Kola Peninsula
Tourism Information
Reasons not to go there
Satellite Photo

The Final Front
CIA historical report: Operation Ryan

Other Links
First World War.Com

World War III's first battleground
The OpsRoom explains the Kola Peninsula's importance in the pilot episode.

World War lll might have started here.

The Soviet base at Murmansk was the place from which a naval break-out would have been staged in case of hostilities with NATO. Soviet doctrine at the time would have been to flood subs through the Greenland-Iceland-United Kingdom waters. If this happened, Soviet submarines would have wrought havoc with shipping lines between North America and Europe.

They could have also launched missile attacks against UK, Iceland, Greenland and Canadian air bases. This would hinder anti-submarine aircraft activities throughout the Atlantic.

Obviously, at the same time, the Red Army and Air Force would be pushing through Western Europe. NATO doctrine was naturally to bottle up the massive Soviet Northern Fleet before that happened, that way troops in Europe could be re-supplied from Canada and the United States.

In fact, in the August-September 1981 exercise, an armada of 83 US, British, Canadian, and Norwegian ships led by the carrier CVN Eisenhower managed to sail the Greenland-Iceland-United Kingdom (GIUK) Gap undetected, using carefully planned and rehearsed tactics.

Concealment and Deception
A combination of obvious if inconvenient passive measures like operating under electronic emissions control conditions and active measures like radar-jamming and transmission of false radar signals was used to hide the allied fleet. They even eluded a Soviet active-radar satellite launched into a low to search for it.

As the warships came within operating areas of Soviet long-range reconnaissance planes, the Soviets were initially able to identify but not track them. Meanwhile, Navy fighters conducted an unprecedented simulated attack on the Soviet planes as they refueled in-flight, flying at low levels to avoid detection by Soviet shore-based radar sites.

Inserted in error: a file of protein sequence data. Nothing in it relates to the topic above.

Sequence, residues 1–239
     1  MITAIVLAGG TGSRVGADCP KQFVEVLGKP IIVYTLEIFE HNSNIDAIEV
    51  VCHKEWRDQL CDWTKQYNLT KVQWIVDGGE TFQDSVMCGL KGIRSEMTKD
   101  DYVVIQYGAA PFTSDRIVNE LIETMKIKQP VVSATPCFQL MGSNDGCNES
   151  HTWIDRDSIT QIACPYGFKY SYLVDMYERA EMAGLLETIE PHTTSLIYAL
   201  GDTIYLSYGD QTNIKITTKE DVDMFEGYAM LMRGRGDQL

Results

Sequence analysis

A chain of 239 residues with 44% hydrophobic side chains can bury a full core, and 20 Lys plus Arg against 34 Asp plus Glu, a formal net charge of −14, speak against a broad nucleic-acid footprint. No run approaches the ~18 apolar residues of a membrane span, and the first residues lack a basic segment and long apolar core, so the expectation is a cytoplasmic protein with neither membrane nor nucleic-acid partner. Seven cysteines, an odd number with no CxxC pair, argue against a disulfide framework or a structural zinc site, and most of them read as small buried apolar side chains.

In the second phase of this exercise, a cruiser and three other ships left the carrier battle group and sailed north through the Norwegian Sea and then east around Norway's Cape North and into the Barents Sea. They then sailed near the militarily important Kola Peninsula and remained there for nine days before rejoining the main group.

Norway, in case you are not looking at a map, happened to be between Western Europe and the USSR, and right at the point where the NATO and Warsaw Pact navies would be shooting at each other.

It might have been the biggest ship-to-ship confrontation since the First World War, and pretty close to a place called Jutland.

A major naval battle took place during the Great War. There is a wonderful site with bags of information about that terrible war called FirstWorldWar.Com. This includes a section about the Battle of Jutland.